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CEO's success comes from clean floors, clean books

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Maureen Gray doesn’t feel like she needs to worry about a glass ceiling.

Gray, the CEO of KBM Facilities Solutions, started a house cleaning business in 1981 while attending junior college that has since evolved into a $30 million company with 500 employees and a client list including Gap (NYSE: GPS) and Boeing (NYSE: BA).

Gray spoke to California State University San Marcos students Wednesday and explained how in her line of work, she hasn’t seen the disparity between men and woman like one might expect in the business world.

“I’m not going to play the feminist card,” she said, noting women are statistically behind men in most fields when it comes to pay and management numbers.

“We’re equal but we’re different, right?” she asked about men and women leaders. “I think we are different and we tend to manage a little differently.”

KBM, which is partially employee-owned, has an open-book policy that allows employees to see where company money goes. While individual wages are not shown, money is broken into categories by position. For example, $250,000 might be spent on wages earned by managers.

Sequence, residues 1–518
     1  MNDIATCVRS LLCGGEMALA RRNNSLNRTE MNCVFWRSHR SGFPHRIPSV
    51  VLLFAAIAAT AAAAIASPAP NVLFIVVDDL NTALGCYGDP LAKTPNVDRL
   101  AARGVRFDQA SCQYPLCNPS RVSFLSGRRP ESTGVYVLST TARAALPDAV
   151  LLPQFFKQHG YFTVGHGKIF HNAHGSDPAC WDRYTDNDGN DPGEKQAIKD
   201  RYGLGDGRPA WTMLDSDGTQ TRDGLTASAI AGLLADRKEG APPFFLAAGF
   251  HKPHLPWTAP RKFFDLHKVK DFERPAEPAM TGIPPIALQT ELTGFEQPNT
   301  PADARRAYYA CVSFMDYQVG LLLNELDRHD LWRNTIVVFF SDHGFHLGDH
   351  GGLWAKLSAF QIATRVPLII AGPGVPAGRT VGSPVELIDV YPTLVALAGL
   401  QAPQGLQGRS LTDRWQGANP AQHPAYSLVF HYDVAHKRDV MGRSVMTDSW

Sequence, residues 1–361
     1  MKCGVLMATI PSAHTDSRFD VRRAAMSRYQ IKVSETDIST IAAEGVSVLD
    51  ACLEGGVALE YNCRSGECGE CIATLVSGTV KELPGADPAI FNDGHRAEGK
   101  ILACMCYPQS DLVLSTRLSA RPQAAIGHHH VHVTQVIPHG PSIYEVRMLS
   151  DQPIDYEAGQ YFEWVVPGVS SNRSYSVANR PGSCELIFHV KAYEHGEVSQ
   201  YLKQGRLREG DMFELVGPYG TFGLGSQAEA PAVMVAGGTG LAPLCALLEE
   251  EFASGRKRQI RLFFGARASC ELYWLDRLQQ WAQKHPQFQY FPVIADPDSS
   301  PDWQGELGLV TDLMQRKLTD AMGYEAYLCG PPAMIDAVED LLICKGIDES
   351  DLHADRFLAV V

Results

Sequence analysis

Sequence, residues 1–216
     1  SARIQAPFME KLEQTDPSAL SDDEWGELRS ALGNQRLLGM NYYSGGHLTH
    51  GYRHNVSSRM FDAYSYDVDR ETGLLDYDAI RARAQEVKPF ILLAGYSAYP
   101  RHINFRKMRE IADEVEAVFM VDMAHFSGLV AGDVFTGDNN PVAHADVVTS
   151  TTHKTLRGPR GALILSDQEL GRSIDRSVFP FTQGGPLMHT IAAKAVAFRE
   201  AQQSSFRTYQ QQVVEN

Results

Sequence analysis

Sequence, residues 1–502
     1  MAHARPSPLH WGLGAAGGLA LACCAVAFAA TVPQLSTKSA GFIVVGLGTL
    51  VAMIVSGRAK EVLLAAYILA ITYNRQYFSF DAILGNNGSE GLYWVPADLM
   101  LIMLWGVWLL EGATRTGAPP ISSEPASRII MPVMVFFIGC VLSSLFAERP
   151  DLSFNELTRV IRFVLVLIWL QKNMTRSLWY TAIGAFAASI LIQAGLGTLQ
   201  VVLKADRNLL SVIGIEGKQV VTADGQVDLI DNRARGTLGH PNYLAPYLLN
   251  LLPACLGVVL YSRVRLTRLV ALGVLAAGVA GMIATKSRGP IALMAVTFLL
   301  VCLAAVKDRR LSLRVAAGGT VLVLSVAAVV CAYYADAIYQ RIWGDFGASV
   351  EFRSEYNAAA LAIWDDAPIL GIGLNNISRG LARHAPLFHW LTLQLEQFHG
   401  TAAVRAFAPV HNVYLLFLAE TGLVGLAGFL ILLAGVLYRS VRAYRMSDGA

Additionally, Gray said company profits are split among employees to encourage them to feel like they have a stake in the company.

KBM gives incentives with a “learn and earn” system that allows front-line employees to qualify for management positions. She said her company tries to hire from within and that many of her managers have been there for years.

“Retention is big,” she said. “The last thing I want to hear is somebody didn’t go to see their kid play softball because they had to work. I don’t want to hear that. Let’s make it work so they can and the bottom line is people really do appreciate that.”

Because buildings can need KBM’s services at all hours, Gray said the company does its best to create flexible schedules for employees.

Just as other CEOs throughout the semester have told the CSU San Marcos students, Gray said it is important for businesspeople to love what they do.

“It’s not necessarily the industry that’s your passion,” she said. “The passion is building a business. In my case it’s not cleaning buildings, it’s building a business and creating a place employees can enjoy coming to.”

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Related Video:

Effective corporate leadership: Maureen Gray


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